During World War II, an American pilot and a marooned Japanese navy captain are deserted on a small uninhabited island in the Pacific Ocean. There, they must cease their hostility and cooperate if they want to survive, but will they?
Samuel Pierret (Gilles Lellouche) is a nurse who saves the wrong guy -- a thief (Roschdy Zem) whose henchmen take Samuel's pregnant wife (Elena Anaya) hostage to force him to spring their ... See full summary »
Mal Reese is in a real bind - owing a good deal of money to his organized crime bosses - and gets his friend Walker to join him in a heist. It goes off without a hitch but when Reese realizes the take isn't as large as he had hoped, he kills Walker - or so he thinks. Some time later, Walker decides the time has come get his share of the money and starts with his ex-wife Lynne who took up with Reese after the shooting. That leads him on a trail - to his wife's sister Chris, to Reese himself, then onto Big Stegmam, then Frederick Carter and on and up the line of gangsters all in an effort to get money from people who simply won't acknowledge that he's owed anything. Written by
The house where Walker meets Brewster is an actual house in the Hollywood Hills that was rented as a filming location. As of 2015, the property is still standing, and is owned by Drew Barrymore, who purchased the home in April of 2002 for $4,350,000. See more »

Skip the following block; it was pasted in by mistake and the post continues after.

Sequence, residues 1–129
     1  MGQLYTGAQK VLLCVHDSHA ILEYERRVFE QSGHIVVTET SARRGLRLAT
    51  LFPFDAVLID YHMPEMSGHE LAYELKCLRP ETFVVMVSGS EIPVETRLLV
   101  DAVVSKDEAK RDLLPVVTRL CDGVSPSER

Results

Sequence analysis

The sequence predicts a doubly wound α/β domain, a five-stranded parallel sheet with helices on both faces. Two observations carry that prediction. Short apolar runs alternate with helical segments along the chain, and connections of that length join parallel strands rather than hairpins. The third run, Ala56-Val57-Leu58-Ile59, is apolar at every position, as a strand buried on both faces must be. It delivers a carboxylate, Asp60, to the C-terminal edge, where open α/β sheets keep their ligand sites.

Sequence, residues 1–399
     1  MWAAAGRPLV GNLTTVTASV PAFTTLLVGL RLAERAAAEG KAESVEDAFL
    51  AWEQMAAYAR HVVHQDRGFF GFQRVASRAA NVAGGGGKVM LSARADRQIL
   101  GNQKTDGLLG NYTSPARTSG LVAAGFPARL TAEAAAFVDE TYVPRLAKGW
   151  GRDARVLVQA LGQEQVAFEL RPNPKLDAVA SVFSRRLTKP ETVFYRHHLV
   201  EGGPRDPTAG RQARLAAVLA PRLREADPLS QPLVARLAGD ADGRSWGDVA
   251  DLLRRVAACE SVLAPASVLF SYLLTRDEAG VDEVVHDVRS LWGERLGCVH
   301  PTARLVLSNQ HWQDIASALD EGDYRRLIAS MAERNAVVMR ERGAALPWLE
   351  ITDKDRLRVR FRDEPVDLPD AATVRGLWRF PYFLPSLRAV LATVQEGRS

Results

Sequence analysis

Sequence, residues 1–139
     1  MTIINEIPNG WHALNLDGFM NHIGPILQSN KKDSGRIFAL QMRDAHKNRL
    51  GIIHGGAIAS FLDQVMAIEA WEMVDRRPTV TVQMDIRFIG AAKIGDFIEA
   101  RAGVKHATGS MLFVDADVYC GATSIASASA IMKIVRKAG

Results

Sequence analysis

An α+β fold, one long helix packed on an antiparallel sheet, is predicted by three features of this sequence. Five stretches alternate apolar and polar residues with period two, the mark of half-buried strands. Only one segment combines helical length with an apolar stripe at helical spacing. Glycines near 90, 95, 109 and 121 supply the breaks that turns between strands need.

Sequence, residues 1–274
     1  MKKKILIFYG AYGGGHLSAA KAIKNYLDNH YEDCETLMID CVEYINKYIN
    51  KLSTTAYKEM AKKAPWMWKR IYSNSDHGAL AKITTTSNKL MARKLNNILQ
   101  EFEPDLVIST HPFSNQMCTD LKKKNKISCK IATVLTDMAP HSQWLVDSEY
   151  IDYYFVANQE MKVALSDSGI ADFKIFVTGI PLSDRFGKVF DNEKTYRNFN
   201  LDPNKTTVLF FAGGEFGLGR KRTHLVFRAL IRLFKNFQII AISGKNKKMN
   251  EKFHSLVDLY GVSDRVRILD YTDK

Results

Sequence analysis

The wig worn by Lee Marvin's stunt double during the backstage fight at The Movie House is noticeably different than Marvin's hair. See more »
Point Blank is one of the most influential films of the 1960's
Point Blank is one of those lost gems from the 1960's. It got buried because it was released around the same time as Bonnie and Clyde. This film combines all the great elements of the American action film with flourishes of European art house cinema. John Boorman's direction is excellent, and not enough can be said about Lee Marvin's performance. This is without question one of Lee's best tough guy performances. I don't understand how the previous reviewer can say this film seems "dated" and "funny for all the wrong reasons". It is as fresh and interesting as it was back at the time of its release. Those looking for it on DVD may want to know that the widescreen format version appears on TCM occasionally. You may want to pop in a tape the next time it is on until the DVD finally comes out.
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